“A folk-pop trio from Seattle, performs funny original songs whose exquisite musical detail and subtle needling wit attain a level of craft not often seen in pop” – NY Times
Imagine what might happen if Tim Burton hijacked the Andrews Sisters en route to a Stephen Sondheim festival with The Beatles and Tom Lehrer in the sidecar; you’d get Seattle super-harmonizers Uncle Bonsai.
With just three voices and an acoustic guitar, Uncle Bonsai presents an often dizzying vocal array of intricate harmony. Their songs, dark and hilarious at times, just as often delight with moments of great insight and beauty. The trio aligns itself with the under-achiever, the dejected, the outsider, the black sheep. Densely-packed lyrics fly by in a whirr at times, and take a skewed stance on topics such as first-world problems, the creation of the universe, the afterlife, and, of course, holidays with the family.
Uncle Bonsai’s acoustic folk-pop songs are almost one-act plays or short stories, resisting strict pop, folk, or singer-songwriter categories. Their songs focus on the passing of time, the passing of genes, and the passing of pets – the truth of everything seemingly buried somewhere under the family tree.
Now in its 37th year, the group continues to perform and record new material. The group has eight recordings and, in mid-2013, released its first ever “bedtime book for grownups,” The Monster in the Closet/Go To Sleep.” This fully illustrated, reversible, hard cover book for parents, features two popular Uncle Bonsai songs, with artwork by members Arni Adler and Patrice O’Neill, and includes a recording of the songs. In September 2017, the group released its ninth cd, “The Family Feast: The Study of the Human Condition, First World Problems, and the Lasting Physiological and Psychological Effects of Eating Our Young,” with plans for CD Releae Concerts throughout the North America in Spring/Summer 2018.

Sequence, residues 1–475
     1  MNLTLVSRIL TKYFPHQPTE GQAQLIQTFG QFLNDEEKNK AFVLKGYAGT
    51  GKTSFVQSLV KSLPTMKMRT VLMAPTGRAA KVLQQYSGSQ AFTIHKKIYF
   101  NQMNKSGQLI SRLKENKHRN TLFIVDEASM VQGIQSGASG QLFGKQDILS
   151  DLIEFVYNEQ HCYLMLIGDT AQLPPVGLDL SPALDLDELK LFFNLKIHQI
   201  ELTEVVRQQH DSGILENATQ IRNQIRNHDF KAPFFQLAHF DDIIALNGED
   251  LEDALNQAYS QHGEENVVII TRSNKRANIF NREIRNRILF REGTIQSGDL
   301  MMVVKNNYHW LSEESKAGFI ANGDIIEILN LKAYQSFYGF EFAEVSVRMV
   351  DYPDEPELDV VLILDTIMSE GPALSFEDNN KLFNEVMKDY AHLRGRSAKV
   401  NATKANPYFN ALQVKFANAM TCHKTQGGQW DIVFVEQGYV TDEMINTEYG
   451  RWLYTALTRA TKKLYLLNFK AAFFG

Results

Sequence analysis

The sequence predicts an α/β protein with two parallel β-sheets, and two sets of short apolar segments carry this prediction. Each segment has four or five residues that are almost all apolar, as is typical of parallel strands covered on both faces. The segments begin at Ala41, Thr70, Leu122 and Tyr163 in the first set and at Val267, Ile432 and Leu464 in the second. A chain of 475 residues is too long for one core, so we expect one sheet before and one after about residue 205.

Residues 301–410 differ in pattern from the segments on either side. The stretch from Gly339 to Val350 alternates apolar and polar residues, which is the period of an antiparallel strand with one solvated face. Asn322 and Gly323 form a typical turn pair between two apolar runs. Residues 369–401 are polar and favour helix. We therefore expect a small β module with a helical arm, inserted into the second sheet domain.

“Singers Ratshin, O’Neill and Adler are pitch-perfect in their delivery of often complex harmonic arrangements. And if there were an Ella Fitzgerald Award for Exquisite Elocution in Song, they would surely get it. The trio officially bills itself as a “folk” outfit, but has none of the naiveté that label might suggest. These are nicely edgy, sour-sweet songs, written for grown-ups.” – The Seattle Times